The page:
Inside circus legend Gerry Cottle’s wild life of coke binges and sex addiction

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Gerry Cottle, who died of coronavirus on January 13, was one of the last big names in the circus world.

Stalwarts of the traditional circus scene, like Bertram Mills, Chipperfield’s and Billy Smart had all either diversified into different fields or closed down altogether.

But Gerry was one of the business’ most colourful characters as well as its most persistent.

He owned the world’s longest limo – a 72ft stretch Cadillac with a jacuzzi in the back. “It wasn’t much fun trying to get it around the South Circular.”

He also bought Wookey Hole, staged the World's Largest Custard Pie Fight and took a troupe of ice-skating chimpanzees to Iran.

Gerry fell in love with the circus at the tender age of eight. He later wrote in his book Confessions of a Showman: “It seemed impossibly glamorous and dangerous and exciting. The women were beautiful and sexy, the men rough and macho. They did not look like my parents.”

Gerry ran away to join the circus when he was just 15. He recorded a message explaining his disappearance for his well-to-do suburban parents. Even then showing a flair for the dramatic Gerry got a mate to play the tape down the phone to them.

On it, he said: “Please do not under any circumstances try to find me. I have gone for ever. I have joined the circus. You do not understand me. You are not listening to me. I do not need O-levels where I am going.”

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Where he was going was to the top. In the mid-1970s Gerry Cottle’s circus was the Greatest Show on Earth, or at least in the UK.

Gerry Cottle’s Circus was featured on the BBC ’s Seaside Special and required some 150 trucks to transport its tents, scenery, performers and animals.

The animals began to be phased out, though, as people felt increasingly comfortable about making wild creatures perform for their entertainment.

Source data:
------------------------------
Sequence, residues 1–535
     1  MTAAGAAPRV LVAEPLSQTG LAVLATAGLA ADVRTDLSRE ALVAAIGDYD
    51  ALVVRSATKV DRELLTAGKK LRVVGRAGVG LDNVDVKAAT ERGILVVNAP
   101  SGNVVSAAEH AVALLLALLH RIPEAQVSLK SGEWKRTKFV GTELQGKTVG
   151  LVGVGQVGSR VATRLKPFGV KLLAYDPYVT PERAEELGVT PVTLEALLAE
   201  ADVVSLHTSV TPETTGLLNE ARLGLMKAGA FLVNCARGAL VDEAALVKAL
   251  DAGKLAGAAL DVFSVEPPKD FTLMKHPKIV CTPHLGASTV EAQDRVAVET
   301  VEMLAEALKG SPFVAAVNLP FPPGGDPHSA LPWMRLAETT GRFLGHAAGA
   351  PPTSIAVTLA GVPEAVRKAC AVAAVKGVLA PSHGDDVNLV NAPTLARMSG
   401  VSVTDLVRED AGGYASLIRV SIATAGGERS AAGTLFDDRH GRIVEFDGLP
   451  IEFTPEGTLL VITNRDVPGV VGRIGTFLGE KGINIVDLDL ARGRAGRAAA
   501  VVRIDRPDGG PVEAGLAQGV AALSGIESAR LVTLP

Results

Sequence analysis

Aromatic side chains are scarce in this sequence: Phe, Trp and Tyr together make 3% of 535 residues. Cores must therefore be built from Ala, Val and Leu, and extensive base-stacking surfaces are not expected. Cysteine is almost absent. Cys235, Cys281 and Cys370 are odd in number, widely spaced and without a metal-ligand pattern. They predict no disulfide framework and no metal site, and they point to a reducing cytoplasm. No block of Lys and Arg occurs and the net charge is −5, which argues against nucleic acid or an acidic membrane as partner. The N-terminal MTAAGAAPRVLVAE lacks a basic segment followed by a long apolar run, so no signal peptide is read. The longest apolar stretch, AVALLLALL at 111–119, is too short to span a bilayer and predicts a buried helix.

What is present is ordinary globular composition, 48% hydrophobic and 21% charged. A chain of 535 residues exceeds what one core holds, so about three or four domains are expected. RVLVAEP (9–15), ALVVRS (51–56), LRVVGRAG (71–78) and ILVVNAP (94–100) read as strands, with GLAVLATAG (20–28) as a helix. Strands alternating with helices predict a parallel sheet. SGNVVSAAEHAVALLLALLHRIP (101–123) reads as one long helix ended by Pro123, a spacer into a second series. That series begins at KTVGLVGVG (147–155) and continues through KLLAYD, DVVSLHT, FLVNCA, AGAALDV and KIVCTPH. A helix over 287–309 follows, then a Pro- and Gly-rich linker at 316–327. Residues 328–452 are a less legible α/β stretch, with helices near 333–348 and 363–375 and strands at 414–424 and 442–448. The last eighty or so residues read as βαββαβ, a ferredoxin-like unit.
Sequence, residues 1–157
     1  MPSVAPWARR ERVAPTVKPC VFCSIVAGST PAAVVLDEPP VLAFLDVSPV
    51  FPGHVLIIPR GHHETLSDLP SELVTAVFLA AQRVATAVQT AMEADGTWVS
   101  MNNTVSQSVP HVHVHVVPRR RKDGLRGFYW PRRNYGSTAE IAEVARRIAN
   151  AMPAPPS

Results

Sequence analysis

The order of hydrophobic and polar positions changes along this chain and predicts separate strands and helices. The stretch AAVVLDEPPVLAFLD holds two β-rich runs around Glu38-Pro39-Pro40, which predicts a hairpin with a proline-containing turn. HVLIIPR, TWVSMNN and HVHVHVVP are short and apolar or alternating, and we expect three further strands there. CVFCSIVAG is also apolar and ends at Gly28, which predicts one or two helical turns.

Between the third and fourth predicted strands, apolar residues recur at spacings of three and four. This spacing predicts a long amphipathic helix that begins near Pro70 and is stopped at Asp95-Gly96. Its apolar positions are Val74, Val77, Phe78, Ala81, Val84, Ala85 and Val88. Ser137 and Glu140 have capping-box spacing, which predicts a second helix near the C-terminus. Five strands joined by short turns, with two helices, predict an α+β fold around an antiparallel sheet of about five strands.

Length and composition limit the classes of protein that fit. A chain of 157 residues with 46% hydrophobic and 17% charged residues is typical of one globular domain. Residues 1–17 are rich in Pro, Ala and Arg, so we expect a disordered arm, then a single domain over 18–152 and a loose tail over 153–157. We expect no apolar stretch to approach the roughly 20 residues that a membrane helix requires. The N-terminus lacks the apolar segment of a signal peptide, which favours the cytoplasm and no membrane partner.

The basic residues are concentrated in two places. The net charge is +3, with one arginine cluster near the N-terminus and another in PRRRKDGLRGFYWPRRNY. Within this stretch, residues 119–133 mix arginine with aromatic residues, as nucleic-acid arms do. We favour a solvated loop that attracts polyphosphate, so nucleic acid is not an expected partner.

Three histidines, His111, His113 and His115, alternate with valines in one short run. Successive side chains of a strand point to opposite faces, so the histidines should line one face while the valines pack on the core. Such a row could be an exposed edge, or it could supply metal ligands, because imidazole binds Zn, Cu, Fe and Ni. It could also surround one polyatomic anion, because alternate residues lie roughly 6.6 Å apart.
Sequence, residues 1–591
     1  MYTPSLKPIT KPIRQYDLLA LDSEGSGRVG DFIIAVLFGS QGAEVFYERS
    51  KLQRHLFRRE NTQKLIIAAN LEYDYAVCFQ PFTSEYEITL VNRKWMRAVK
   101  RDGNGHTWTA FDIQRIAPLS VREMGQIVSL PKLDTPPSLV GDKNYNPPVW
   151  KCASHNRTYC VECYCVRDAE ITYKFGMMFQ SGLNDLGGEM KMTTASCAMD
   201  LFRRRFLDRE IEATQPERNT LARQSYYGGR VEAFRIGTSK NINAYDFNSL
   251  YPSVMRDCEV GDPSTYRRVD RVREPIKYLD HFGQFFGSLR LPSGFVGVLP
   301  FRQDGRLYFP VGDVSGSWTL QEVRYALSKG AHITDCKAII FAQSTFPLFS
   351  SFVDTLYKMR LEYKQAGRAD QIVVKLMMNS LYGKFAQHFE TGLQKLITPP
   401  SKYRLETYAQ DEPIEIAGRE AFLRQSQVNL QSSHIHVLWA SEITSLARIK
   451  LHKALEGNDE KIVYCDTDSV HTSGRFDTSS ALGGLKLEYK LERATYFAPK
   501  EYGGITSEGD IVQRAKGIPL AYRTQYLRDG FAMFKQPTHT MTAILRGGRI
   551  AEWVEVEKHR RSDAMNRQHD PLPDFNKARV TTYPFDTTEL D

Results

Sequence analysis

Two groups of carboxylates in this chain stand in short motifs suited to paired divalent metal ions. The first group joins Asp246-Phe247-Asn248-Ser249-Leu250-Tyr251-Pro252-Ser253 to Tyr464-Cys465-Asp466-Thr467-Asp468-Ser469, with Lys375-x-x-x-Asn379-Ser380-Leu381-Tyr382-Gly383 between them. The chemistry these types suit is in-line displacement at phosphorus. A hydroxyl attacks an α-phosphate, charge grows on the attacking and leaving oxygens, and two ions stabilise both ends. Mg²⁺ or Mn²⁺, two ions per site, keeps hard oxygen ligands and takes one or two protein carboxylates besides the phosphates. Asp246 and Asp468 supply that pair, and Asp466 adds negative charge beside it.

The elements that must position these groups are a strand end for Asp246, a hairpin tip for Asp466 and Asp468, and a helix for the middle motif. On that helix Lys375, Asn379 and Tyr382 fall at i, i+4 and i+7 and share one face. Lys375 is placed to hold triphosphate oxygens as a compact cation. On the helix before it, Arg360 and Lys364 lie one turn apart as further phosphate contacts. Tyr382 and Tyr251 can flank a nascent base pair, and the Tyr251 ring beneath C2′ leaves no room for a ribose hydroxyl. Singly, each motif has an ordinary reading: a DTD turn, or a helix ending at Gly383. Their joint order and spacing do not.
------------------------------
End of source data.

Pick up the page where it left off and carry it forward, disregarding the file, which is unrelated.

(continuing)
By the mid-1980s Gerry was performing with a show that was almost entirely animal-free – the sole exception being a duck that quacked along with a clown who played the trumpet.

Soon, even the duck had to go. Gerry wrote: “Would you believe the London borough of Haringey had a special meeting to ban that bloody duck?” adding “Benny Hill said he couldn’t believe it.”

Gerry wasn’t completely convinced by the animal bans. He said: “Critics say that the way elephants travelled was cruel, but look at how people use the Tube.”

But in scrapping the animal acts made him far ahead of his time. The Wild Animals in Circuses Act 2019, which banned the use of animals in UK circuses, only came into force a year ago.

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Without animals to draw the crowds, Gerry was forced to be more creative. During the circus’s glory days, he had persuaded his Iranian strongman to lift an elephant. “Nearly killed the poor old bugger, but he liked it.”

But once the elephant was gone Gerry needed to find a new stunt for the strongman: “We run a car over him now,” he said in a 1976 interview.

There was a dark side to Gerry’s life though. He was a regular visitor to sex workers and one of them, a “blonde, amazonian” woman named Kerry he met in London’s West End, gave him his first taste of cocaine. “Cocaine and I fell in love instantly,” he said.

That set him on a course of regular binges – sometimes disappearing from his family home for weeks at a time to take cocaine and sleep with prostitutes.

His involvement with drugs and women cost him his marriage, and eventually his health. He suffered kidney failure and was on dialysis for a month. His wild lifestyle also led to some run-ins with the law.

In 1991, Gerry was socialising with what he later called “some bad boys.” He was caught by the police with 14 grams of cocaine and was lucky to escape with a fine.

Of his wild years, he said in 2007: “Sex was an obsession and I’m not proud of it. I was the husband from hell. But I’ve had the same girlfriend now for four years and been off drugs for nearly ten.”

He had started at the very bottom of the circus business – “Shovelling up elephant sh*t is definitely the worst job in the circus,” he once said – and he became one of its greatest showmen.

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